Governor and Lawmakers Reach Budget Deal
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Surrounded by most of the lawmakers in the legislature, Governor Sandoval began to detail the agreement.
The Governor pointed out Republicans feel it's a win because the state is spending less than last time.
Sandoval: "For the first time total spending will decrease biennium over biennium by over $500 million."
That number reflects all state spending.
If you just look at the general fund (what all the fighting's been over) it will be $6.2 billion over the next two years.
That's a couple hundred million less than the biennium that ends this month.
But there's almost $300 million for public schools outside the state budget to make up for that.
So in a way, general state spending is about what we have now.
That's why Democrats feel like this is a win. There are cuts, but Democrats get to add back significant funding for education and other state services.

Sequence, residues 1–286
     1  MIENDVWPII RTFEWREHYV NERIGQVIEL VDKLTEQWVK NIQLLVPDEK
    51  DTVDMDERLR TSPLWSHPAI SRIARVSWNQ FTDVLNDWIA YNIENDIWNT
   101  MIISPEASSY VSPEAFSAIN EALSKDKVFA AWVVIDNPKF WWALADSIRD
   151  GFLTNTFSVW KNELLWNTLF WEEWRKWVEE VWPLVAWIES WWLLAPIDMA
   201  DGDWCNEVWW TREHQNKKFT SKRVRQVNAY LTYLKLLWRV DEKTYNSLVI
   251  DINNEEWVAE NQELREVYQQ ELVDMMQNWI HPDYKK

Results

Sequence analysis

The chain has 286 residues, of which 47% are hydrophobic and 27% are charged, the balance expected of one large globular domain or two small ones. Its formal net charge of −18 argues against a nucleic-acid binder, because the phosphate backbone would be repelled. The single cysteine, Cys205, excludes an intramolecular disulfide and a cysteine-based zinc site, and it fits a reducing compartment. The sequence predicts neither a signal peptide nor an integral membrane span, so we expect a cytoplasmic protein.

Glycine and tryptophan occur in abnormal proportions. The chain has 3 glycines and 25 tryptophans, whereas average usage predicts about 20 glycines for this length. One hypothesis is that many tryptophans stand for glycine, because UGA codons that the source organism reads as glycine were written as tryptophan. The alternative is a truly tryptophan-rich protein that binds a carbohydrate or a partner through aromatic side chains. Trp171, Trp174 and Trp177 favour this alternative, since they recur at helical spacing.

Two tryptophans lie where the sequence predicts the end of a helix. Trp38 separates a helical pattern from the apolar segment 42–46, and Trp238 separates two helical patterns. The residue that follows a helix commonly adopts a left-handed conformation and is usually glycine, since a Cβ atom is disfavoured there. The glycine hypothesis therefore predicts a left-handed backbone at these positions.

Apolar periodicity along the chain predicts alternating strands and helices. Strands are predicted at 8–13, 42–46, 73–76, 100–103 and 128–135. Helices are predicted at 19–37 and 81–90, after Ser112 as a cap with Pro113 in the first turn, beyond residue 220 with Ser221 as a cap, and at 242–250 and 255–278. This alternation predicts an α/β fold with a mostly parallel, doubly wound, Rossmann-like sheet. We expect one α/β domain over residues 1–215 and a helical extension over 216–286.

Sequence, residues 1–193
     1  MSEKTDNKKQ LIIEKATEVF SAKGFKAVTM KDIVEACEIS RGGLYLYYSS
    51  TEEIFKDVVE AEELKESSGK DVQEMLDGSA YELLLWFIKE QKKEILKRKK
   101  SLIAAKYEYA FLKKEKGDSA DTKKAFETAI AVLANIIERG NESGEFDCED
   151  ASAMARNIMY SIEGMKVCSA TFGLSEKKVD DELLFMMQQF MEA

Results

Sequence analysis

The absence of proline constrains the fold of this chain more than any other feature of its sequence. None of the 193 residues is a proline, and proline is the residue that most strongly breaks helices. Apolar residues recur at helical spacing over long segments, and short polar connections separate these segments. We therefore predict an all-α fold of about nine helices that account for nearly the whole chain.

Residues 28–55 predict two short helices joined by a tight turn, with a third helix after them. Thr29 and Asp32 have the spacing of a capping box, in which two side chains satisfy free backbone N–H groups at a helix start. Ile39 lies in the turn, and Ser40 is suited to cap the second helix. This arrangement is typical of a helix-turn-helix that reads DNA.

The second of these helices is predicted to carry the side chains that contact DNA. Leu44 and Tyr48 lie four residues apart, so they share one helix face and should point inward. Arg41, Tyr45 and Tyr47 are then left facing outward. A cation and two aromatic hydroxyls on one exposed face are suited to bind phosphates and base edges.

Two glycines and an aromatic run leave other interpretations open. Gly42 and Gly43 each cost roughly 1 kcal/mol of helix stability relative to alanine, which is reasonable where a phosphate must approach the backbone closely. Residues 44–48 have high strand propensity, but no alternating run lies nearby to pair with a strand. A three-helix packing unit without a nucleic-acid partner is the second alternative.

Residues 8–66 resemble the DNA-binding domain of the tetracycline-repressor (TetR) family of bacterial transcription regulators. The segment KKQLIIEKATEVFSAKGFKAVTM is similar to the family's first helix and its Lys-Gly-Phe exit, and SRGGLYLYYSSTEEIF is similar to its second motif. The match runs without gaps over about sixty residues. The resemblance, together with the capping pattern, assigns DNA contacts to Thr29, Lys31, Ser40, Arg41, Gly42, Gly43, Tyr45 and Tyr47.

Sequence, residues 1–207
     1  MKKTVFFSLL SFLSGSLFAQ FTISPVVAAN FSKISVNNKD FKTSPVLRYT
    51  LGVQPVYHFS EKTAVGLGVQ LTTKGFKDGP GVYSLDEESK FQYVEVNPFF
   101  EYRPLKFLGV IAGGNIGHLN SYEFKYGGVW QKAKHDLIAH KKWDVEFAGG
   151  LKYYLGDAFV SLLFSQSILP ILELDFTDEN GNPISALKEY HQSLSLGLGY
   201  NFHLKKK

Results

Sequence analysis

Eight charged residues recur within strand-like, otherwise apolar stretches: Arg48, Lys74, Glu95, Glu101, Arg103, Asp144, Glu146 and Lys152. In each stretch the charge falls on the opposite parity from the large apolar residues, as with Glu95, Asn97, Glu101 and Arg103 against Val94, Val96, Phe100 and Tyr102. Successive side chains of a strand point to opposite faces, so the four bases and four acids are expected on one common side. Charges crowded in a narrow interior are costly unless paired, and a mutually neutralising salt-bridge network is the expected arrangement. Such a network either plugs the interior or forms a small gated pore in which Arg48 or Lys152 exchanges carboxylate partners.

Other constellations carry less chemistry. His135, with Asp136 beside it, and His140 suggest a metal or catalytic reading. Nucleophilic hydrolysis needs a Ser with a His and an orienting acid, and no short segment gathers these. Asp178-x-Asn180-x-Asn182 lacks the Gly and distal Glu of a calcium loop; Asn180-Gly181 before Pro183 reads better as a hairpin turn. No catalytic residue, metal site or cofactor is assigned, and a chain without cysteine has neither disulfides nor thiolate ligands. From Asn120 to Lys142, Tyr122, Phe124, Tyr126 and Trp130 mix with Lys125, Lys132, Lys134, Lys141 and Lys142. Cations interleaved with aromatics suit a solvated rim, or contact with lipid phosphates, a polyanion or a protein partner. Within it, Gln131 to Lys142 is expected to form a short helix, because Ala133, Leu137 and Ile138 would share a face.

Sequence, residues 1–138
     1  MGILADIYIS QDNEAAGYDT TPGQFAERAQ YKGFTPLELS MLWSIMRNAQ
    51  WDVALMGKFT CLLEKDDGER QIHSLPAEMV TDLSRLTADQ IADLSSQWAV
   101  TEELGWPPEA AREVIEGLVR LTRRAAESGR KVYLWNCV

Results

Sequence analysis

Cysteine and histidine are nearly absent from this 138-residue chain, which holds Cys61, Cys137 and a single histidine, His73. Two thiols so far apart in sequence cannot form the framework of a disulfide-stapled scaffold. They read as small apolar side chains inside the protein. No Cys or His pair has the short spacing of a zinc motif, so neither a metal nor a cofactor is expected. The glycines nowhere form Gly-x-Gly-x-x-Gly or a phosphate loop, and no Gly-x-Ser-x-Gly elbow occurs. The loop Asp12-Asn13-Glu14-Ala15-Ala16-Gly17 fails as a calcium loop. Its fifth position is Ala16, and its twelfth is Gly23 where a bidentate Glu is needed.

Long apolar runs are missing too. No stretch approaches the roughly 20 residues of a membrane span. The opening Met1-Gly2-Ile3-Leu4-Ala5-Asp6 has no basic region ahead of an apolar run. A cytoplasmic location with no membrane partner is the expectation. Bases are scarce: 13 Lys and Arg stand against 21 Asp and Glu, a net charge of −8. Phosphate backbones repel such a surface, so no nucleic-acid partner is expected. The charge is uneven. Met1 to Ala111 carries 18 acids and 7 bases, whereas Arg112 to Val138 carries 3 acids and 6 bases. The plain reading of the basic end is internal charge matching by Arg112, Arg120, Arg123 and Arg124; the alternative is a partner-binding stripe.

However, there's plenty for both sides to dislike.
Republicans don't like that the existing tax hikes will be extended for two more years to help prop up the budget.
They got one exception: businesses making less than $250,000 a year will not pay any of the payroll tax they pay now.
For the rest of us, this means sales tax won't go down.
As for Democrats, they gave up more government reforms than they wanted to get this deal.
That includes some changes to collective bargaining for government workers and to how safe teachers' jobs are.
Senate majority leader Steven Horsford had this to say to his base:
Horsford: "These reforms do not hurt good teachers. If you're a good teacher you have a job."
The Governor said this deal is going to ensure the session ends on time next Monday.